The most advanced, fully interactive virtual reality (VR) digital twin ever of a major city area has been launched today.
A collaboration between the City of London Corporation, Innovate UK, New London Architecture (NLA) and VU.CITY, it captures every building, lamp post, window and traffic light to 2cm accuracy across its 2.9 sq km geographical spread – a first in accuracy and detail over such a large area.
Alastair Moss, Chair of the Planning and Transportation Committee at the City of London Corporation, said: “Almost without exception, every decision made on a new building has been based on two dimensional images and videos. Now, for the first time this new technology will give us the opportunity to put buildings into a fully interactive virtual world and experience it at a human scale.
“Using the technology will not be a requirement of planning permissions but it is a tool that developers could opt to use to help realise what the plans offer in terms of space, enhancement of the public realm and to the City.
“Working in VR gives us, as Committee Members, the possibility to experience proposed change to the Square Mile before making the decisions that will forever change the future of the City.”
The ability to visualise the present and then conceive and plan the future in a VR environment is a ground-breaking transition in how cities across the world can be better and more easily developed.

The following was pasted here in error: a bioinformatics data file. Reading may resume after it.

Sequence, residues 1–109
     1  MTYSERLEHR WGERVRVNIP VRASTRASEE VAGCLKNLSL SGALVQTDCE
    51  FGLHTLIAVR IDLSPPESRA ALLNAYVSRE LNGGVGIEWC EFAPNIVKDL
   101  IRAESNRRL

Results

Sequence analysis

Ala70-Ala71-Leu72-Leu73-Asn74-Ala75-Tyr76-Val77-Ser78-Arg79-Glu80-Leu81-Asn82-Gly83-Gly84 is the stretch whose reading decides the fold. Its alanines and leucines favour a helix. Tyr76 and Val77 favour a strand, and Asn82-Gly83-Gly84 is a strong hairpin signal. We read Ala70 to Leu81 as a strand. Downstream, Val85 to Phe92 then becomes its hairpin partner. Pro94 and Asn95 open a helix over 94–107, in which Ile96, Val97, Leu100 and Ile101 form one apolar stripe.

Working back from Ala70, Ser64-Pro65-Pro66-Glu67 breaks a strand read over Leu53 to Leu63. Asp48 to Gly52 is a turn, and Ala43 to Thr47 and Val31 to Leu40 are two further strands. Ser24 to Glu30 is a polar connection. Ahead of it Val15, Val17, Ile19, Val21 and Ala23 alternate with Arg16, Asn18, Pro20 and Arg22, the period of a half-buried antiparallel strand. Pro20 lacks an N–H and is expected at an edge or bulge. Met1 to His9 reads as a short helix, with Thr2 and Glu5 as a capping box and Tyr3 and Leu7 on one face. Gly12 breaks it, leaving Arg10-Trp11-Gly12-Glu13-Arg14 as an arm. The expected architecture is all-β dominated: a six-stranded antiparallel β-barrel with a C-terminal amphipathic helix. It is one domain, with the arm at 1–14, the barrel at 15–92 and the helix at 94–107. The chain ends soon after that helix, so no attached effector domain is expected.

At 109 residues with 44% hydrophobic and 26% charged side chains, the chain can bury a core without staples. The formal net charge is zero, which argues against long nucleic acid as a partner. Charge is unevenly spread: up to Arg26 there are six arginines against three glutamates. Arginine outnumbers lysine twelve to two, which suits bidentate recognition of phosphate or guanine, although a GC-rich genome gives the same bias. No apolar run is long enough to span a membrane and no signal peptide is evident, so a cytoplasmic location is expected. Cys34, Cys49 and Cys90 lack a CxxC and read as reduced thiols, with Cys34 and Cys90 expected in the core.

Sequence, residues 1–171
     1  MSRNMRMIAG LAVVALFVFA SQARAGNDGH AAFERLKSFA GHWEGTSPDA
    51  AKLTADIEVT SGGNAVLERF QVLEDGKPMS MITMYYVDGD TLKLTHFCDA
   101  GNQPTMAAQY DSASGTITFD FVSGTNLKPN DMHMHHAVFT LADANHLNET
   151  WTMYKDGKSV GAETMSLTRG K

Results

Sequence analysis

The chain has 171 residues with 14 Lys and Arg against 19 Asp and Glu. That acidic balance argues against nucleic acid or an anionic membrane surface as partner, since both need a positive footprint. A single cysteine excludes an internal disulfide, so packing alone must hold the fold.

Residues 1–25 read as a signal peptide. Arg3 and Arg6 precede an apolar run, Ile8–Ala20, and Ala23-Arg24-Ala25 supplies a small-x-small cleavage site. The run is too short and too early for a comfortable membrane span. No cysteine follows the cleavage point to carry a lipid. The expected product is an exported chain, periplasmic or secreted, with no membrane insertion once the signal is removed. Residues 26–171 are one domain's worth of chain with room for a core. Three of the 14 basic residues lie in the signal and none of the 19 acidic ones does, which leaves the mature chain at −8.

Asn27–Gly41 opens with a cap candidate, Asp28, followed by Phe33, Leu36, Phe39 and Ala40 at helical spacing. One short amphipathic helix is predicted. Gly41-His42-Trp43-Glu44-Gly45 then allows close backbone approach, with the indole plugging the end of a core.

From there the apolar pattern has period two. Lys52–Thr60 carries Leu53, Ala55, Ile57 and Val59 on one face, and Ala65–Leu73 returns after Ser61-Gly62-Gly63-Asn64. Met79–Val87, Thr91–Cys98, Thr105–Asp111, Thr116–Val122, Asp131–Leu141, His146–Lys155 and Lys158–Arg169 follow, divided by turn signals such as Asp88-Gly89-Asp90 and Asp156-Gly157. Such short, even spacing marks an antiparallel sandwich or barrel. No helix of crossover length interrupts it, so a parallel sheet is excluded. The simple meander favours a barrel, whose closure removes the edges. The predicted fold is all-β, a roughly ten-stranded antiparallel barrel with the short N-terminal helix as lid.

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“A new day is dawning on the age of planning, designing and building our cities,” says Jason Hawthorne, Founding Director and Chief Digital Officer at VU.CITY. “This is the beginning of many highly advanced urban planning solutions.
“With a single click a virtual twin will show us, for example, what the next tower will look and feel like in seconds, enabling us to rapidly rethink or refine our approach to ensure any change proposed is suitable.
“We are on the cusp of great change with what virtual and digital twins can teach us, with the Square Mile leading the way.”
By supporting collaboration in a virtual space, the model ensures that all involved in the design and commissioning of buildings can review proposed changes together, share knowledge and ultimately come to more informed, meaningful decisions.
“Most people find it difficult to read architects’ plans and to understand the impact that their proposals might have” said Peter Murray, Chairman of New London Architecture.
“This new technology allows everybody to see what buildings will look like and how they will affect the City’s streets and its skyline. This is the ultimate in tools for community consultation.”
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